Although it did result in some unpleasant experiences, being non-monogamous introduced me to affectionate and genuinely caring people — people who were unabashed about their vulnerabilities, and did not hide behind cautious banter. As an ambivert myself, romantically meeting people encouraged me to move far out of my comfort zone — and introduced me to people I would simply not have met otherwise.I met journalists, graphic designers, artists, photographers, lawyers and MBA graduates, PhD candidates, and legal researchers. My experience also reaffirmed my belief that romantic love need not be restricted to one partner — it was beautiful each time I found the intimacy I craved, and as I watched people unravel their own defences, each time I listened to realities and insecurities I would not have imagined them having, I formed a rapport deeper than friendship.Shardha is a lawyer whose areas of interest include gender, social inequality and feminist legal studies. She can be found on LinkedIn and Twitter.
By Nivi Shrivastava...Designer Aman Bajaj, 43, who identifies himself as heterosexual and polyamorous, explains: “Polyamory is an evolutionary process for me, and each day I learn something new by accepting my true feelings for people. ... I feel polyamory is absolutely natural and everyone is polyamorous to some extent. ... It is also about acknowledging your true feelings and being mindful and respectful about the way other people feel.Thirty-four-year-old Anika Verma, working in the creative and gender development sector... identifies herself as pansexual and polyamorous. ... “It’s all about accepting your feelings and acting on them with respect and trust. ... I had too much love to give and I didn’t want to lie about it or cheat.... Once I communicated this to [my husband] and my family, we made an arrangement to never hide anything from each other.”“The most important factor about polyamory is to build trust and let the relationship grow organically with your partner,” says Aman.... in acknowledging your true emotions.”
...Open relationships and polyamory are gradually buzzing in college campuses, Reddit threads as well as in therapy sessions. ... Polyamory is the situation when partners can engage in multiple sexual relationships with the consent of all the people involved. It is ethical and responsible non-monogamy where no one is in a single committed relationship. But, in a largely conservative society like India, there is a considerable taboo attached to these concepts. ...Harsh and Yashika feel that any individual should not be judged for their choices and have cited that people have the right to do whatever they feel like doing within the parameters of the law. Yashika feels that many people are trapped in this bubble that one can only ever love one person. ...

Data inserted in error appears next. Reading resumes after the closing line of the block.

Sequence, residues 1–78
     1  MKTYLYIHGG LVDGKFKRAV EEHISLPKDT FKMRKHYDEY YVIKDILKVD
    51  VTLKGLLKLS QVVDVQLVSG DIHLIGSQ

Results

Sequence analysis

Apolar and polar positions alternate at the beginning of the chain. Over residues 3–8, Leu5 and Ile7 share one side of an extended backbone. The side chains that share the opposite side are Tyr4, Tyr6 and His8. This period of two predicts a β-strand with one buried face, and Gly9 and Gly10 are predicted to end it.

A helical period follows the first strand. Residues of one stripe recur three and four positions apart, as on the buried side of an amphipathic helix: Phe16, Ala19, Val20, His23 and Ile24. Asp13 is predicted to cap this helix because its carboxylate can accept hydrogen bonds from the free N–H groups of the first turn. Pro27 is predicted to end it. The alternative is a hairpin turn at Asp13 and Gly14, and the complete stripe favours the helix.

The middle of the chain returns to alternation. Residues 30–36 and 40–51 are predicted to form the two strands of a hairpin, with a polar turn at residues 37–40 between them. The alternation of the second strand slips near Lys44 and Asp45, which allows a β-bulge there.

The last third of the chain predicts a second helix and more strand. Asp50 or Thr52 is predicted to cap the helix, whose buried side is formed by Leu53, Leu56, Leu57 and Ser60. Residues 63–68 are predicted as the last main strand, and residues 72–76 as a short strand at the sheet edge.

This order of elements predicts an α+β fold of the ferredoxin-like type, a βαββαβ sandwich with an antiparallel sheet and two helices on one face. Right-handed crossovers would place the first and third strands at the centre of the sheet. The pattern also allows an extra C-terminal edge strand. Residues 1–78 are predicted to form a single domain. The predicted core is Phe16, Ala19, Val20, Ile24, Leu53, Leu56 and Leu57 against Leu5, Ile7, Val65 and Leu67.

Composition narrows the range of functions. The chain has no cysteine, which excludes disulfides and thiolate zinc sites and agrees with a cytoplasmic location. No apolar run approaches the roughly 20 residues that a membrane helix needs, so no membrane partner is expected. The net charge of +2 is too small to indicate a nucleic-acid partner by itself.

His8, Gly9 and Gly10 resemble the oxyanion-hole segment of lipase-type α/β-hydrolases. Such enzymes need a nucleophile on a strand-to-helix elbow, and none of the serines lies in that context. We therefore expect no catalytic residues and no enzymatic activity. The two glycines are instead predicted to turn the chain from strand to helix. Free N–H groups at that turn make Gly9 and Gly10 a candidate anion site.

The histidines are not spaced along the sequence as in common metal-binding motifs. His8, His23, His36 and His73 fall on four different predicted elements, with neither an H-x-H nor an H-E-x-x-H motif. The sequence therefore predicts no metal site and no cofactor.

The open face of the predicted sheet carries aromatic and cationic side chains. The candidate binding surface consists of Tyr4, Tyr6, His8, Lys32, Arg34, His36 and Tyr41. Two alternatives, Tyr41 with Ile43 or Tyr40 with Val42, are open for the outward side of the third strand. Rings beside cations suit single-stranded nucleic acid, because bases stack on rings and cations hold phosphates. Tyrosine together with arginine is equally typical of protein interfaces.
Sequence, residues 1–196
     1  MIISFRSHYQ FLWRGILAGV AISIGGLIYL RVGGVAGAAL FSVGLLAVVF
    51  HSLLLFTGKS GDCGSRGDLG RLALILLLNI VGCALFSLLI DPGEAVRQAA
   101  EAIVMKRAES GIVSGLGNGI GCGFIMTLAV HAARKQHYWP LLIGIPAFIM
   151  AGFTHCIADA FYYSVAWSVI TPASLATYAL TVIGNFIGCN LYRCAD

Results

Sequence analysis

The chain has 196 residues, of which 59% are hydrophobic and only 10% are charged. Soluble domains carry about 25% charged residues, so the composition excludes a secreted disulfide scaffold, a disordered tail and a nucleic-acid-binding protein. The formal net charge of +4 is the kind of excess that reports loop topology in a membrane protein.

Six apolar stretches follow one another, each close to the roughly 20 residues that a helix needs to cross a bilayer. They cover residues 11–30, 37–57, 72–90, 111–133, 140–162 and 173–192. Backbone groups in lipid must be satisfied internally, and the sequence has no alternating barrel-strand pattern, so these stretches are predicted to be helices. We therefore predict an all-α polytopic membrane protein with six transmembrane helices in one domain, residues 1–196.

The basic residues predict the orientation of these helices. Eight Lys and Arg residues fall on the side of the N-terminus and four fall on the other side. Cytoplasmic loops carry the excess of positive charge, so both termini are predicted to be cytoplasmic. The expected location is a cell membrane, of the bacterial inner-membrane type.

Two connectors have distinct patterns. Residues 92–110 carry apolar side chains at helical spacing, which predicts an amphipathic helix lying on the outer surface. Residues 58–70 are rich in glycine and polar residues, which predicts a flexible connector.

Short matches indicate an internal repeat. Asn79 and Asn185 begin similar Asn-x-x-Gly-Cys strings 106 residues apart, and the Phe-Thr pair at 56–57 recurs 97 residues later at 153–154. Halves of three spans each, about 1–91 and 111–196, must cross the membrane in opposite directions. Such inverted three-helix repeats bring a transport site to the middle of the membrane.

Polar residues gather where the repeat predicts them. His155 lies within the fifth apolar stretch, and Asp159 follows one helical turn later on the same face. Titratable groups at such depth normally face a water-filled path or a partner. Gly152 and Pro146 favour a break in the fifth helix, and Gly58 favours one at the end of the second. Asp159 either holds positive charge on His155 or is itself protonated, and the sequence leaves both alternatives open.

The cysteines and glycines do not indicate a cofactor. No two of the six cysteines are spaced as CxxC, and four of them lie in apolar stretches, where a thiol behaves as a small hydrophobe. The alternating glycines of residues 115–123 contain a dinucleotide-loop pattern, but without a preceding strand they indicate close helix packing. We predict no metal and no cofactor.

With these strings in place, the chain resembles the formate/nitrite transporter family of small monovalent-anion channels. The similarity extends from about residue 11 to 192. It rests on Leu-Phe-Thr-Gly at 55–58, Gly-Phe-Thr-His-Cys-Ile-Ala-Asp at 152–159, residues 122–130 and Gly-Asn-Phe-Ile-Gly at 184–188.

By Aili SeghettiQ: My husband and I have been in an open marriage for two years. I really want my husband to meet my partners and do stuff together but he is not very keen. He prefers meeting partners without me and I often get jealous. I feel he is keeping things secret. What should I do?Ans: You want to practice ‘Kitchen Table’ polyamory, while your husband prefers ‘Parallel’ polyamory. Both are ethical non-monogamy preferences based on your personality traits, attachment styles and the current relationship you have with each other.Sometimes couples open up their relationships because they have a strong need for independence. When partners feel that they need space and time for themselves, it is usually a sign that they have merged too much with each other. For any relationship to last you need to maintain a delicate balance of connection and autonomy.Currently your husband enjoys his relationships running in parallel, no interactions between metamours. It is great he is expressing his need for autonomy and his boundaries. What are yours? ... Speak about a middle ground with him.... It would be interesting to see what exactly you want to know about his lovers. This will be a great opportunity for you to understand where your insecurities lie. ...The writer is an Intimacy and Relationship Coach, Founder of The Intimacy Curator, an organisation promoting self-discovery through emotional and sexual well-being (www.theintimacycurator.com)
Polyamorous relationships are relatively new to India but the possibility of having a consensual, non-monogamous relationship is catching on.India has seen a rise in the number of polyamorous relationships recently, so we asked some individuals about their opinion, here is what they said.[Two opinions out of many:]
Sticker for cohabiting polyfamilies
And the wider picture. Shit will get real.
Some person in that crowd started it. Maybe you can be a first mover too. Or the first reactor to a first mover, just as crucial. When the moment appears, remember not to flinch. We'll have a better idea after the election. Whatever else you do, vote.